Genetics of Rolandic Epilepsy

The safety and scientific validity of this study is the responsibility of the study sponsor and investigators. Listing a study does not mean it has been evaluated by the U.S. Federal Government. Read our disclaimer for details. Identifier: NCT00282854
Recruitment Status : Unknown
Verified August 2011 by King's College London.
Recruitment status was:  Recruiting
First Posted : January 27, 2006
Last Update Posted : December 6, 2011
National Institute of Neurological Disorders and Stroke (NINDS)
Information provided by:
King's College London

January 26, 2006
January 27, 2006
December 6, 2011
January 2005
December 2013   (Final data collection date for primary outcome measure)
Not Provided
Not Provided
Complete list of historical versions of study NCT00282854 on Archive Site
Not Provided
Not Provided
Not Provided
Not Provided
Genetics of Rolandic Epilepsy
Genetics of Rolandic Epilepsy
The purpose of this study is to find the genes that cause Rolandic epilepsy and its related traits.

Rolandic epilepsy (RE) is the most common type of childhood epilepsy—affecting more than 50,000 children in the United States—and has a complex genetic inheritance. The seizure prognosis is relatively benign, however, many children with RE also have problems with speech and language, reading, and motor coordination. Symptoms of the disorder overlap with more severe types of epilepsy.

The purpose of this study is to find the genes that influence RE and its related traits. Identifying genetic causes for the variants would improve diagnosis and allow for early intervention.

Researchers will enroll 1000 children with RE and 3000 controls for participation in the study. The scientists will request medical histories and (salivary) DNA samples from the participants. Participation can be completed by mail and telephone.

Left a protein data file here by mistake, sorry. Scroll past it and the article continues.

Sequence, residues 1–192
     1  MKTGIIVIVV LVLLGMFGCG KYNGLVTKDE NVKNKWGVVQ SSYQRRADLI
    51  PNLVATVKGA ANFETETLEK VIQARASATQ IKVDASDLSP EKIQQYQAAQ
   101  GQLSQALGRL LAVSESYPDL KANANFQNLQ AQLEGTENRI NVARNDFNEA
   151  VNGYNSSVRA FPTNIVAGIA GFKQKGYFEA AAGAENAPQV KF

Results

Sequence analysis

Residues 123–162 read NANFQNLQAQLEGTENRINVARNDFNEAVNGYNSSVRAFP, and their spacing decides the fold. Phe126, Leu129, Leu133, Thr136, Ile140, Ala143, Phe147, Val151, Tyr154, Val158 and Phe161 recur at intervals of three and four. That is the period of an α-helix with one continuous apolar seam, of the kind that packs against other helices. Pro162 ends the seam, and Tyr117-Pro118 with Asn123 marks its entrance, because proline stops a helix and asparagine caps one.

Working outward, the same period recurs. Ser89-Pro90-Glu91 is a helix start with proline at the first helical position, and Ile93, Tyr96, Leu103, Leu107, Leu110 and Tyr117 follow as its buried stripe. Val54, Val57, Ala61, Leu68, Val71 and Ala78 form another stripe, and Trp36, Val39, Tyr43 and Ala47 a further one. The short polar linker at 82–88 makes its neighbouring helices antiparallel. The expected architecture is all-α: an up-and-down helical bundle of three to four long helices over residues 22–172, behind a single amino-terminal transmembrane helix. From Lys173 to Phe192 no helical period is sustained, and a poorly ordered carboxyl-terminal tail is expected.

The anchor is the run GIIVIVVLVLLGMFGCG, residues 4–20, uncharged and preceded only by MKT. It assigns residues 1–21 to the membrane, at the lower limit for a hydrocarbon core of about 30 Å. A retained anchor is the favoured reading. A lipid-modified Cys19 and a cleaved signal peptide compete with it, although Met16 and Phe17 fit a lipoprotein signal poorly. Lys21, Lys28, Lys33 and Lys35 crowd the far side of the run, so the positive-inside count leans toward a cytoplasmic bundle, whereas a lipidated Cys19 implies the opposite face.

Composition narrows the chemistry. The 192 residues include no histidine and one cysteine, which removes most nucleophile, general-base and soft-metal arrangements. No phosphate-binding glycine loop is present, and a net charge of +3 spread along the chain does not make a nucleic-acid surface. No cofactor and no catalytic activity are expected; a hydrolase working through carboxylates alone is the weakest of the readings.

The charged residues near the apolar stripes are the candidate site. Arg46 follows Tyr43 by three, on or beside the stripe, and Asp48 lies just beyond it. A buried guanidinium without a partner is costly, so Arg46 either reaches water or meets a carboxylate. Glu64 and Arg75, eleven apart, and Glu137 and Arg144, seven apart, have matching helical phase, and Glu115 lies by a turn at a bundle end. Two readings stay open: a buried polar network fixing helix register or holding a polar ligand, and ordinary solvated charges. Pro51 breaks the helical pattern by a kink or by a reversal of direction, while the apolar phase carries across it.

Results from this study should provide important information regarding diagnosis and prognosis of RE, may be useful in clinical management, and, eventually, may lead to a cure for this and other forms of epilepsy.

Observational Model: Case Control
Time Perspective: Cross-Sectional
Not Provided
Retention:   Samples With DNA
whole blood
Non-Probability Sample
Community Sample
Not Provided
  • Group I: Cases
    Children with rolandic epilepsy
  • Group II: Controls
    Individuals group matched to cases for ethnicity, sex and area of residence but lacking a primary brain disorder.
Not Provided

*   Includes publications given by the data provider as well as publications identified by Identifier (NCT Number) in Medline.
Unknown status
December 2013
December 2013   (Final data collection date for primary outcome measure)


  • typical history of focal seizures
  • EEG centrotemporal sharp waves
  • age of onset 3-12 years
  • no previous epilepsy type (febrile seizures OK)
  • normal development
  • normal neurological examination
  • normal MRI/CT (if done)


  • only history of secondary generalized seizures
  • atypical history/semiology
  • history and EEG inconsistent
  • abnormal EEG background
  • very early (<3yrs) or late (>12yrs) onset
  • global neurodevelopmental deficit
  • deviant neurodevelopment
  • structural imaging abnormality
Sexes Eligible for Study: All
3 Years and older   (Child, Adult, Older Adult)
Contact information is only displayed when the study is recruiting subjects
United States
R01NS047530 ( U.S. NIH Grant/Contract )
Not Provided
Not Provided
Deb K Pal MD PHD, Columbia University
King's College London
National Institute of Neurological Disorders and Stroke (NINDS)
Principal Investigator: Deb K. Pal, MD, PhD Associate Research Scientist, Mailman School of Public Health, Columbia University Medical Center
King's College London
August 2011